Perpetual Self-Reliance - 41Sunlight dapples through the trees leaving variegated shadows on the landscape. The sun balances on the tips of the western mountains, ready to slip slowly behind them into slumber.

Presidente (as we called him) stands at the gate to their adobe tienda, with his black banded straw hat perched on his head. Hermana Paulina stands next to him in her colorful huipil and corte. Both of them smile and wave as we leave the cornfield and descend the steep, mile-long road that leads to the highway.

Although tired and worn from a long day of manual labor in the Guatemalan highlands, we walk with a slight spring in our step, high on the feeling that only comes from doing good in the world. [message type="custom" width="100%" start_color="#FFFFFF" end_color="#FBF8FF" border ="non" color=""]Do you 'Like' Discover Share Inspire? [/message]

Discussing the quality of the good being accomplished, we recognize that it's making a life-altering, generational difference -- not just giving a man a fish, but teaching him how to fish. We’re teaching a new way of living.

That’s what's awesome about this project --- we're not just giving clothes, or food or money -- this project is living and growing and expanding. It’s alive. They're learning new life skills that will perpetuate through generations. It will be difficult for them sometimes --- they’ll be ridiculed by their neighbors and frightened that it will fail  --- normal feelings that come when pursuing a dream.

But it is a dream of theirs --- one they never believed would come true. And thanks to your support, that dream is now becoming reality.

This is what we started with:

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A cornfield and some building materials.

Most Guatemalans, if they have a piece of land, will grow corn. It's not even corn like you think of -- sweet, delicious corn-on-the-cob -- it's feed corn, that they use to make into corn tortillas, the staple of the Guatemalan diet (in fact, it's the only thing that some locals eat.)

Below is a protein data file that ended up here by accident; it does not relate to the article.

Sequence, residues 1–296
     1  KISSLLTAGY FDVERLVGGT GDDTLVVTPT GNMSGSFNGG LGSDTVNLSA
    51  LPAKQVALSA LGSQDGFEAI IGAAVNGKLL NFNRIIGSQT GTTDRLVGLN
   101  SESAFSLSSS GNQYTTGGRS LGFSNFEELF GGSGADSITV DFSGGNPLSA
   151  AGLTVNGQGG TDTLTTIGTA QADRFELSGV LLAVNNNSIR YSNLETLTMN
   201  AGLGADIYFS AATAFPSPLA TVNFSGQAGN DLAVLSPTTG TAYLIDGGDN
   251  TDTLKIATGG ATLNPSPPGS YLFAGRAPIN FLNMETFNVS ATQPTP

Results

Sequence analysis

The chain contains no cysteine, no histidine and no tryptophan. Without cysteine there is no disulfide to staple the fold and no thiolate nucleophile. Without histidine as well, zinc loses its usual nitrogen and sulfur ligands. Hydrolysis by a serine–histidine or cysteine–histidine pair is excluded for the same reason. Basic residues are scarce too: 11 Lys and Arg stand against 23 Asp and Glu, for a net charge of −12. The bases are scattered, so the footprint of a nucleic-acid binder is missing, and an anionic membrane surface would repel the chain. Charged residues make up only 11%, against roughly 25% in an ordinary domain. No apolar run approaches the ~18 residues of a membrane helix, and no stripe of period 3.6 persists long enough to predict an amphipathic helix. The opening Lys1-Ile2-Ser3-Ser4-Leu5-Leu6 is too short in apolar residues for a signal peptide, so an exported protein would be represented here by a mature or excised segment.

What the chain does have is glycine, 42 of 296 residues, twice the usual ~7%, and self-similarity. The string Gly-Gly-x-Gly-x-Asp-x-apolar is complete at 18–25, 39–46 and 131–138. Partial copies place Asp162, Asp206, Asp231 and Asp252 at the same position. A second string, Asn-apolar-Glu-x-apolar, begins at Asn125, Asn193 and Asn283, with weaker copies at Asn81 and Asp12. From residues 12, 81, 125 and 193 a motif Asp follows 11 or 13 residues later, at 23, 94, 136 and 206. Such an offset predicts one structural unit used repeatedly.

In fact, according to UNICEF, half of the country's children suffer from chronic malnutrition, resulting in stunted growth and lowered IQ scores -- a direct result of growing lots of corn and subsisting on tortillas.

"Guatemala has the highest percentage of chronically malnourished girls and boys in Latin America, and the fourth highest in the world."

Since we began this project, we have:

Last time I took a visit up to the 'farm' (which was last Thursday), this is what I saw (below.) It may not look like much, but a lot of work has been accomplished -- all the corn has been cleared, a fence is enclosing and dividing the property (animals from vegetables), and there's a row of garden boxes on the other side there that you can barely see.

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Now if I turn to the left you can see a 'chicken wire' fence that keeps the chickens in their area, and the wooden chicken coop (behind that scraggly bush). The big cement building is the house the neighbor is building, and is on the other side of the fence we put in.

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Here they are in front of the chicken coop. They are soooo proud, and have been working very hard every day on their project. (Watch the video to see how proud he is and how hard he's been working.)